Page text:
A substantial number of people, especially women, in the private sector have no occupational pension and are “staring at poverty in old age”, the annual conference of the country’s second biggest union, Fórsa, heard this morning.
The union’s national secretary Billy Hannigan said that since the 1990s, a large number of employers including very profitable companies “have simply walked away from their pension responsibilities”.
Fórsa welcomed Government proposals for a new three-way pension scheme for workers involving the employee, the employer, and the State — but said employers must pay more.
Delegates were told 60% of private sector workers currently have “no occupational pension at all”.
Women had the lowest of all pension cover and were facing poverty in old age, said Mr Hannigan.
“We welcomed the proposed system, which would provide mandatory pension entitlements for all workers wherever they are employed. But employer contribution has to be twice that of the worker,” said Mr Hannigan.
Auto opt-out proposals, detailed in the Government paper last February, had to guard against employers “encouraging staff to opt-out in order to minimise their own contributions,” he said.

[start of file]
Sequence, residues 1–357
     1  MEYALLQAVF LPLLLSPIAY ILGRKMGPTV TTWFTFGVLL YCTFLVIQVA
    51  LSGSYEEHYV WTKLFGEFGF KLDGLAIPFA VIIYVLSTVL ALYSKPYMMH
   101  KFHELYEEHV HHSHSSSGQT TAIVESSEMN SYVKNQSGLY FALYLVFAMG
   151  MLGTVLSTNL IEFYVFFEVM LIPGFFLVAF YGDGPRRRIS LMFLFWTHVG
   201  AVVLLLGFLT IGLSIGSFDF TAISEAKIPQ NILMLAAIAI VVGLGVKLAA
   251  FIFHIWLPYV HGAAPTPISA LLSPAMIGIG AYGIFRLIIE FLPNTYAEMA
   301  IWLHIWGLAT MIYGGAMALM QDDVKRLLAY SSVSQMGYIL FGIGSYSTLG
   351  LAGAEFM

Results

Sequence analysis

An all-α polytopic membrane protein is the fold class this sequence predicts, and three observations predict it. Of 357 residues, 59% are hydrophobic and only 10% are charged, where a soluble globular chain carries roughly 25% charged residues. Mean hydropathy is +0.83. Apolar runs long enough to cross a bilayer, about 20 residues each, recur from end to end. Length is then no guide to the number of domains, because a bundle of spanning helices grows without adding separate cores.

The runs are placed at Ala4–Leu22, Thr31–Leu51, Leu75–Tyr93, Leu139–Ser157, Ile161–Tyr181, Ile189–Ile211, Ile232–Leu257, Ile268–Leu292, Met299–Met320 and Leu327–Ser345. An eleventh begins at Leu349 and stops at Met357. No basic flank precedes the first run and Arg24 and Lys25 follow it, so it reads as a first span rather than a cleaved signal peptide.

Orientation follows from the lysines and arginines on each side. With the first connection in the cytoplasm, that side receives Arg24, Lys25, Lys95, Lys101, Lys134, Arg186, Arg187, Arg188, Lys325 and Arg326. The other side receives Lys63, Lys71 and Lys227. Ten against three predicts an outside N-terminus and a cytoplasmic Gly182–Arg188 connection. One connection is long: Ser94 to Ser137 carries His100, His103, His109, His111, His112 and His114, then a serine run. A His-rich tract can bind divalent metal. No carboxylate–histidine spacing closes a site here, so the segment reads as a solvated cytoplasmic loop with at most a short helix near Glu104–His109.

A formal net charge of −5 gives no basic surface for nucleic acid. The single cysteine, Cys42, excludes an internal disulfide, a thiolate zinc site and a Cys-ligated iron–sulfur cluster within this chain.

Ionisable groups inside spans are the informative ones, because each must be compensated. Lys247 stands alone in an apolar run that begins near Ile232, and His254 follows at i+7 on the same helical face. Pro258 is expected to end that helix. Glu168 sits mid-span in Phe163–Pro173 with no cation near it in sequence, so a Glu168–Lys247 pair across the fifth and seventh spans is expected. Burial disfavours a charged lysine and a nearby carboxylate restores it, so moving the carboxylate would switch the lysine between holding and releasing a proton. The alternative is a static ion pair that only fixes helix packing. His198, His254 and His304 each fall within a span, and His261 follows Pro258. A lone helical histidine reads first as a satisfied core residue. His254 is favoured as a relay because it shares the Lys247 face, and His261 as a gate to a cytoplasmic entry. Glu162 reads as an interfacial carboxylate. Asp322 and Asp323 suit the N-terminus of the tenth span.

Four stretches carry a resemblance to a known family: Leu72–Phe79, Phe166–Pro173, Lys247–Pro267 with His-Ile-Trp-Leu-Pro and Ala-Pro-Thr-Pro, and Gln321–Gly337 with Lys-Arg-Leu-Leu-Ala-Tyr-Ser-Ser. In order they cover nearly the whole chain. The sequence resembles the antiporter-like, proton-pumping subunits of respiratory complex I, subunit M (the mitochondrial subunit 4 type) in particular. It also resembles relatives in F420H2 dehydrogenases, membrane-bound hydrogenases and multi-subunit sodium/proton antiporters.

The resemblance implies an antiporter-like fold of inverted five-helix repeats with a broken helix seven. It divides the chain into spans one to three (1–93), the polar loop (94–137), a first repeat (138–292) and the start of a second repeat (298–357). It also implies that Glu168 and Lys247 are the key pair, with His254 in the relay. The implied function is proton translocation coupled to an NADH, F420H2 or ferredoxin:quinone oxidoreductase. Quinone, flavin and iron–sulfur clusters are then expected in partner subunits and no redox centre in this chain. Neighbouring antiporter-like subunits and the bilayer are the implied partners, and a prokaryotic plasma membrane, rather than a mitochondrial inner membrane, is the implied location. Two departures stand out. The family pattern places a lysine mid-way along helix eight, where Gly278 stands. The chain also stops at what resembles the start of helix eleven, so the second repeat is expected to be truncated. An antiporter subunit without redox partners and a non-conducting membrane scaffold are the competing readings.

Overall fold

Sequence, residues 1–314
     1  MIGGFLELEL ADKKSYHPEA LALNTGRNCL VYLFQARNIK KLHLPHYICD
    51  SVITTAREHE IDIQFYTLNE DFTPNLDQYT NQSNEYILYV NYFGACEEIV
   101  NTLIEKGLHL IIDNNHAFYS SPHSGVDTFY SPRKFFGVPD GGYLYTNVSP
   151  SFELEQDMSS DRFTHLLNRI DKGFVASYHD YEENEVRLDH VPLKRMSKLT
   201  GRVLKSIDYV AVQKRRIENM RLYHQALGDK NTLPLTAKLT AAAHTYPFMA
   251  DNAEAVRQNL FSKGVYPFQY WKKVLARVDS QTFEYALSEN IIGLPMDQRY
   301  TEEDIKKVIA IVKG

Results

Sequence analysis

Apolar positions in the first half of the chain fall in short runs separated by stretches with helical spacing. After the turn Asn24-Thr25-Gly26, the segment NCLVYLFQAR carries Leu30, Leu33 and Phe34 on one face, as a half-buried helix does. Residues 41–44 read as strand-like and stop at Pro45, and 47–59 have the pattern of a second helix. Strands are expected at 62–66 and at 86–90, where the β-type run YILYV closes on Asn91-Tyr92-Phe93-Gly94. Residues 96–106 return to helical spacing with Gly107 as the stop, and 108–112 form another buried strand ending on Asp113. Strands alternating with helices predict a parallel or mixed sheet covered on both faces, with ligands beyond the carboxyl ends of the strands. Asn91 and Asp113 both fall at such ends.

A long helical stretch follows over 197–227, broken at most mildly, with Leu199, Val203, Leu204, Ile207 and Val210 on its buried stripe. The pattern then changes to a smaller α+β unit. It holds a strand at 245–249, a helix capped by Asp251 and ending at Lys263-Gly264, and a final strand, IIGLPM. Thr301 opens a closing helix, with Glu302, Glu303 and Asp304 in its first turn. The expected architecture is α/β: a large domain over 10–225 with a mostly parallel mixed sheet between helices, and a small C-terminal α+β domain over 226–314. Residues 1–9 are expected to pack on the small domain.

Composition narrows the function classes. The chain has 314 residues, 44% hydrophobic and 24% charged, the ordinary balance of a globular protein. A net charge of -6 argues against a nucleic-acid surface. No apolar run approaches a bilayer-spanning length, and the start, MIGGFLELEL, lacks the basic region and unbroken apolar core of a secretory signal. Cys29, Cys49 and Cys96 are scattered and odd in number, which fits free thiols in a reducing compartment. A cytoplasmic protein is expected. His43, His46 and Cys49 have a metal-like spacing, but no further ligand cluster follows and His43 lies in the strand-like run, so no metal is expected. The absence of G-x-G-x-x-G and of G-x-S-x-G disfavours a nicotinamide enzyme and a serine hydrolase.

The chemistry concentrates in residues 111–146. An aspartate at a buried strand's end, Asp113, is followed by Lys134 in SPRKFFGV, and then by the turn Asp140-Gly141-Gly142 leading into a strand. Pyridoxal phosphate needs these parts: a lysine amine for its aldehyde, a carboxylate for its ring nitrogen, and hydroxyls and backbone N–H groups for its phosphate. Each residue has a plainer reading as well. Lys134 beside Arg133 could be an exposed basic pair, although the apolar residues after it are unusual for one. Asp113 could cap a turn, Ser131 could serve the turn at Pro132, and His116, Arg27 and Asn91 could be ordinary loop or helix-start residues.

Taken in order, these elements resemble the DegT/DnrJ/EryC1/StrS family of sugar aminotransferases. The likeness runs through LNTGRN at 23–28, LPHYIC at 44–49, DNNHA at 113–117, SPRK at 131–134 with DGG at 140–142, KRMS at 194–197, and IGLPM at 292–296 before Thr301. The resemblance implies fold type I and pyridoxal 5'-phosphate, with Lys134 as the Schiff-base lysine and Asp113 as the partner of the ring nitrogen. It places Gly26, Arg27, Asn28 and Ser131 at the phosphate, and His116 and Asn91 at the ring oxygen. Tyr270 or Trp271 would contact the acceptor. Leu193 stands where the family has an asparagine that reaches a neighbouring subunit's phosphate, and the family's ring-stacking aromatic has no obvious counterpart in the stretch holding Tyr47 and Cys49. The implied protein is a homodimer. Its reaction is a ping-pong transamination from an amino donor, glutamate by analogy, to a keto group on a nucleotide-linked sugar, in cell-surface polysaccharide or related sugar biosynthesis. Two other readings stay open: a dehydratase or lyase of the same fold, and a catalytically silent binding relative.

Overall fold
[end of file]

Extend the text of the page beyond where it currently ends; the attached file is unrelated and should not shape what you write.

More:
Mr Hannigan also warned against shutting down existing pension schemes.
“The purpose of the new scheme is to provide pension cover for those who have none, not to disimprove existing pension cover for people who have it.”
He also called for the scheme to be administered by the Revenue Commissioners “to avoid excessive fees from private pension providers”.
Meanwhile, the union welcomed the publication yesterday of the special needs assistant (SNA) allocations for the 2018/2019 school year.
The union, which represents 8,500 SNAs nationwide said it welcomed both the allocation of 940 additional SNA posts and the timely publication of the allocations.
Deputy general secretary Kevin Callinan said: “Above all, we’re very pleased that SNAs now have certainty about the next academic year.
“I think it’s important to acknowledge that the minister stuck to his word on the timing of the allocations, and I trust this marks a new approach for the future.”
These developments follow a 2018 ballot for industrial action by Fórsa SNA members.
The ballot followed four successive years where SNA allocations were published very late.
In 2017, the allocations weren’t published until July, which meant that hundreds of SNAs finished the school year without knowing if they would have a job the following September.
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